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The Pentax K-1 with Sony sensor got announced: Creates High Res images with 5 axis shifting tech.


First confession: My very first digital system camera was the [shoplink 45006 ebay]Pentax K-10[/shoplink]. And I loved that camera. So I am happy to see Pentax joining the Full Frame crowd today with the new K-1 (full specs at BHphoto). From a Sony perspective the news matters because:

  1. There is a new competition in the Full Frame world (finally something beyond the usual Canon-Nikon stuff)
  2. The Pentax K-1 uses the Sony A7r 36MP sensor (with ISO that goes up to 204800)
  3. The K-1 uses a 5 axis stabilization. But unlike Sony Pentax uses it also for two additional features: High res mode and Astrotracing!

Let’s take a close look to the K-1 unique features that Sony should or should not copy :)


1) High Resolution images created with the sensor shift tech:
Dpreview writes:
As this list of spec highlights should make clear, the K-1 makes the most of its moveable sensor. As well as the image stabilization, which is rated to an impressive 5 stops, the camera offers a host of other clever features. These include anti-aliasing filter simulation which vibrates the sensor during exposure to intentionally blur high frequency detail across multiple pixels, to avoid moiré. Then there’s the Pixel Shift Resolution mode that increases color resolution by shooting four consecutive images with the sensor moved by one pixel – effectively canceling the Bayer color filter array and lowering noise by image averaging.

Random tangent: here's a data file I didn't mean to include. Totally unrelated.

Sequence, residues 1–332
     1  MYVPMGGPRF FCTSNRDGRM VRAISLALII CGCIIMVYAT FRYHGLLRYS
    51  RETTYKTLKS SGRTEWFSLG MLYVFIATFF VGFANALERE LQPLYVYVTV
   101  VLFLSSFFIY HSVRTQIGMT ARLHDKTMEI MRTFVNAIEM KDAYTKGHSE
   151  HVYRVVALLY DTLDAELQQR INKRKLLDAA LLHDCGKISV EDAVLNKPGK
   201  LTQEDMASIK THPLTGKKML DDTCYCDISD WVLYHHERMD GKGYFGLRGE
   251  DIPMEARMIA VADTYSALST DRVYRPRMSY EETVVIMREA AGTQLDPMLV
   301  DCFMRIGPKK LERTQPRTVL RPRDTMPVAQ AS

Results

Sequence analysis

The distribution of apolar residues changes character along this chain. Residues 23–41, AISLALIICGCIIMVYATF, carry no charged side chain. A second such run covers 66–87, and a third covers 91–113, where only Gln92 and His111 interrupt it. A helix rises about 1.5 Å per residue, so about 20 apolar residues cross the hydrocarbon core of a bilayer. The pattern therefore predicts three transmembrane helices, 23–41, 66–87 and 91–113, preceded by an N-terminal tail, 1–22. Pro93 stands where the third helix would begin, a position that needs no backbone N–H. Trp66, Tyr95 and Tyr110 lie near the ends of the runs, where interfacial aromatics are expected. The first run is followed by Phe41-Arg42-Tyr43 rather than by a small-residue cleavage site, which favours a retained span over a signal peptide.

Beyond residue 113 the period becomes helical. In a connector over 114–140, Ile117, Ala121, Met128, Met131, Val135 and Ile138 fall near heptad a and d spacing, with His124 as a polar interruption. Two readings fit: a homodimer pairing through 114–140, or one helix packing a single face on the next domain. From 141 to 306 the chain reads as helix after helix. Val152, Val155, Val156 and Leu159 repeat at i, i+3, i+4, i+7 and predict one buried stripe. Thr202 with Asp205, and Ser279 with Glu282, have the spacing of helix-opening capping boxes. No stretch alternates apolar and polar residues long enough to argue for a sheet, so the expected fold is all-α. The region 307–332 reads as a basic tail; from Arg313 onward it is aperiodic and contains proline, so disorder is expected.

2) Astrotracer
Dpreview writes:
The other sensor-shift modes are also clever: the K-1 includes Horizon Correction, which rotates the sensor if you hold the camera slightly off-level, and the Astrotracer system that uses the sensor’s movement to cancel-out the effect of the Earth’s rotation when taking images of stars (something it can calculate using its GPS).

3) It also has a unique Flexible-tilt LCD.
You can how it works on that Cnet video:

4) Special Operation Assist Lights on the body
Petapixel writes:
Another DSLR first is the special Operation Assist Lights on the body, which are small white LEDs that help you work the camera’s controls while shooting in low-light environments. The lights help you do things such as change lenses, swap memory cards, and use the interface on the back of the camera, all without having to use external illumination or the bright LCD menu.

From the four “innovation” I mentioned here 1) and 4) would be nice to have on the next A7rm3!

P.S.: There is a roundup of K-1 videos you can watch at SonyAlphaForum.

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